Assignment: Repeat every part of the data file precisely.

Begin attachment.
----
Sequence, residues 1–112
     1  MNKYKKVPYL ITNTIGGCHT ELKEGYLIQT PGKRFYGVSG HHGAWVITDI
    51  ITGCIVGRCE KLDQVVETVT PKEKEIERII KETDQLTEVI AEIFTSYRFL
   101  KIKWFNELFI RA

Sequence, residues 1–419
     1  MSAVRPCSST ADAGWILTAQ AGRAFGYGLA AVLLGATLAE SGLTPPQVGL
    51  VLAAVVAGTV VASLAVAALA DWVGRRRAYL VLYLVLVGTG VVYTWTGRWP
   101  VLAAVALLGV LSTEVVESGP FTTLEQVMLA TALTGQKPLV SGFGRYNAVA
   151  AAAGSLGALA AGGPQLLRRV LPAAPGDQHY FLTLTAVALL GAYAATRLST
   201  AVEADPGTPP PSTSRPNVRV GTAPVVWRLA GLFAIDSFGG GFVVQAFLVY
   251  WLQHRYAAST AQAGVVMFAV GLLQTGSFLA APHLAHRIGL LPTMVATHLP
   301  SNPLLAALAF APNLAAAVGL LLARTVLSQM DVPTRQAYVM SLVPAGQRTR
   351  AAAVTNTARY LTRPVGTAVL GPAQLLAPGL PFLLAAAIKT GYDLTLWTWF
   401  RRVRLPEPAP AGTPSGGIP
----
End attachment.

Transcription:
Sequence, residues 1–112
     1  MNKYKKVPYL ITNTIGGCHT ELKEGYLIQT PGKRFYGVSG HHGAWVITDI
    51  ITGCIVGRCE KLDQVVETVT PKEKEIERII KETDQLTEVI AEIFTSYRFL
   101  KIKWFNELFI RA

Sequence, residues 1–419
     1  MSAVRPCSST ADAGWILTAQ AGRAFGYGLA AVLLGATLAE SGLTPPQVGL
    51  VLAAVVAGTV VASLAVAALA DWVGRRRAYL VLYLVLVGTG VVYTWTGRWP
   101  VLAAVALLGV LSTEVVESGP FTTLEQVMLA TALTGQKPLV SGFGRYNAVA
   151  AAAGSLGALA AGGPQLLRRV LPAAPGDQHY FLTLTAVALL GAYAATRLST
   201  AVEADPGTPP PSTSRPNVRV GTAPVVWRLA GLFAIDSFGG GFVVQAFLVY
   251  WLQHRYAAST AQAGVVMFAV GLLQTGSFLA APHLAHRIGL LPTMVATHLP
   301  SNPLLAALAF APNLAAAVGL LLARTVLSQM DVPTRQAYVM SLVPAGQRTR
   351  AAAVTNTARY LTRPVGTAVL GPAQLLAPGL PFLLAAAIKT GYDLTLWTWF
   401  RRVRLPEPAP AGTPSGGIP